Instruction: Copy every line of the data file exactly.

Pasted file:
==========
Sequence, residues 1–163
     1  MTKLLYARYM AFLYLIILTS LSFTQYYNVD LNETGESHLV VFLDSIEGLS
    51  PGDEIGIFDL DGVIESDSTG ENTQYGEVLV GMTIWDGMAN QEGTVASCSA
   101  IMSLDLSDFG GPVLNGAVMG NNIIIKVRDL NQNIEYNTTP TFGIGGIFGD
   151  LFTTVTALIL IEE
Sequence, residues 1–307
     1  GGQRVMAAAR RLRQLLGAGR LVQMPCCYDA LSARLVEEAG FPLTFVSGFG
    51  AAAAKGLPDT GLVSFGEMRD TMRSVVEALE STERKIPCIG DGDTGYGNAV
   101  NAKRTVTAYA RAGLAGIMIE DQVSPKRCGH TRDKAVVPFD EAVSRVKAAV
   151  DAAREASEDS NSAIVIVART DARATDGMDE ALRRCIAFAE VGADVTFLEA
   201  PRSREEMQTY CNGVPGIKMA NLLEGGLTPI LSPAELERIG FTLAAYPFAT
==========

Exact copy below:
Sequence, residues 1–163
     1  MTKLLYARYM AFLYLIILTS LSFTQYYNVD LNETGESHLV VFLDSIEGLS
    51  PGDEIGIFDL DGVIESDSTG ENTQYGEVLV GMTIWDGMAN QEGTVASCSA
   101  IMSLDLSDFG GPVLNGAVMG NNIIIKVRDL NQNIEYNTTP TFGIGGIFGD
   151  LFTTVTALIL IEE
Sequence, residues 1–307
     1  GGQRVMAAAR RLRQLLGAGR LVQMPCCYDA LSARLVEEAG FPLTFVSGFG
    51  AAAAKGLPDT GLVSFGEMRD TMRSVVEALE STERKIPCIG DGDTGYGNAV
   101  NAKRTVTAYA RAGLAGIMIE DQVSPKRCGH TRDKAVVPFD EAVSRVKAAV
   151  DAAREASEDS NSAIVIVART DARATDGMDE ALRRCIAFAE VGADVTFLEA
   201  PRSREEMQTY CNGVPGIKMA NLLEGGLTPI LSPAELERIG FTLAAYPFAT